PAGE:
Nintendo Hacker Released From Prison But Is Still Paying For His Crimes
Hacker Gary Bowser is out of prison but owes Nintendo part of his earnings for the rest of his life.
Gary Bowser, a member of the hacking group Team Xecuter, was released from prison for good behavior, but he’ll pay for his crimes for the rest of his life. Court has ordered Bowser (imagine that!) to pay Nintendo $10 million in damages—an astronomical sum by all accounts. Nintendo is known for inquisitorial persecutions of those who infringe upon their intellectual property, demonetizing a popular Zelda YouTuber, or going after pirate websites that share ROMs of Nintendo’s games.
According to Kotaku, Bowser was previously sentenced to 40 months and a $10 million dollar fine which he has to repay to Nintendo. The Japanese company will take approximately 25% to 30% of his monthly gross income for the rest of his working life to compensate for the damages he was court-ordered to pay out. Nintendo actually began collecting while Bowser was still in prison—he earned $175 while behind bars, and Nintendo took its $25 due. For those who aren’t familiar with the story, Bowser’s crime concerns piracy.
Bowser was part of Team Xecutor, which fabricates and sells modchips for Nintendo’s consoles. These modchips, when instilled in a particular console, allow gamers to bypass the copyright protection implementations set by Nintendo and play pirated games on their Nintendo consoles—basically, players could download a game ROM from a piracy website like ROMUniverse (now defunct) and play them without having to buy them. Of course, this is largely frowned upon in the corporate software world, and Nintendo is pretty harsh when it comes to piracy.
And Nintendo’s reaction is reasonable: the company makes the games that it sells to make money, and consoles, need games to sell and make more money for the further development of other games. So, it’s quite reasonable as to why the company dislikes piracy, however, ordering an individual to pay out $10 million in damages might be a bit harsh. It can even be cruel, considering that Bowser likely won’t be able to pay out the damages for the rest of his life, and worst of all, he’s actually not the brains behind the modchips—he’s a salesman for the hacker collective.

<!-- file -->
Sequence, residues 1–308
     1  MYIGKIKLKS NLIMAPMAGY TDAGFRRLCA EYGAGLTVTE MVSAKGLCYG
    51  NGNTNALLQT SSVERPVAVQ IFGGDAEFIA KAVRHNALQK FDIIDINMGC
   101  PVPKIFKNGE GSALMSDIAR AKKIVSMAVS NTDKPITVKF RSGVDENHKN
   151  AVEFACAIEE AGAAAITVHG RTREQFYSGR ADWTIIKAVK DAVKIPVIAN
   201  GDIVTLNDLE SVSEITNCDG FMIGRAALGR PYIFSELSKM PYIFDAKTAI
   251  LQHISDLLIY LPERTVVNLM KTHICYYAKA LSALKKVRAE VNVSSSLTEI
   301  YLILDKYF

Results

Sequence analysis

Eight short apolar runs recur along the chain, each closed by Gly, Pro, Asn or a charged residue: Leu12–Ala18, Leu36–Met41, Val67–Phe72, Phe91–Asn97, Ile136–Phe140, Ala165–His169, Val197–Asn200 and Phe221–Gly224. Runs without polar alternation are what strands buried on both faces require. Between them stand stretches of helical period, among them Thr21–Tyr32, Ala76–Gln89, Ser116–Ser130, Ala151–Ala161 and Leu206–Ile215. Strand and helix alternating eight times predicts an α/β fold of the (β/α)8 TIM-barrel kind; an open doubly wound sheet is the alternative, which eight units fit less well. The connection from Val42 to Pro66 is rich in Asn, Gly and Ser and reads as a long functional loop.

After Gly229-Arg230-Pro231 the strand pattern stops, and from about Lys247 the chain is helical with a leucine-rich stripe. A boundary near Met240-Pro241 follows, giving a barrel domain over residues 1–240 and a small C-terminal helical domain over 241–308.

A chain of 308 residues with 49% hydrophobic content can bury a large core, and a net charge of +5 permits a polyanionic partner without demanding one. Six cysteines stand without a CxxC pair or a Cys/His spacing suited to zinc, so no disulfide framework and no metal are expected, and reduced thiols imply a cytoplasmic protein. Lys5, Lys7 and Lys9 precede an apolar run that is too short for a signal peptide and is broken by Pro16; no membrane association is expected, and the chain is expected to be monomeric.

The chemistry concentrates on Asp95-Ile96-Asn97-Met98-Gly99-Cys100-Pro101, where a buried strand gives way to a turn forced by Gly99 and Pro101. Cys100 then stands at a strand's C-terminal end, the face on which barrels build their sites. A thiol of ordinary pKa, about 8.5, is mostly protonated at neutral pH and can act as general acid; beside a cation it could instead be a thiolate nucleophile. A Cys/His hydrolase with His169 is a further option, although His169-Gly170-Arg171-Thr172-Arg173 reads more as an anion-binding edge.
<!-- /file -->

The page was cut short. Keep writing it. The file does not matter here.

This is where the discussion gets interesting as while there are those who believe that the punishment befits the crime, let’s discuss the sins of Nintendo and the other side of the piracy coin. Nintendo doesn’t actually need the $10 million from Bowser; Switch sales have achieved a huge record in sales of both the hardware and the software. This fine is specifically designed to be so cruel and scary as to deter other people from piracy, don’t get us wrong, we don’t condone software piracy, but this is excessive, and combating piracy over the backs of a single person is unnecessary.
Especially since the company hasn’t been too kind to its paying customers, the Nintendo JoyCon, which has the biggest design flaw in gaming accessories, was never fixed. The hardware is known for overheating, which is why Nintendo has continually issued a warning to Switch owners—a warning, not a solution to the problem.
It’s not just the latest console being modded, as the Wii and GameCube have very active modding communities, which mostly pirate games that aren’t accessible on the Nintendo Switch Online service or simply can’t be accessed otherwise, as Nintendo isn’t interested in porting them. So, no harm, no foul? Nintendo isn’t selling these games, and while Boswer helped make a modchip accessible, he didn’t personally compel anyone to buy the modchip, install it, and download a 20-year-old game that Nintendo isn’t making a profit off.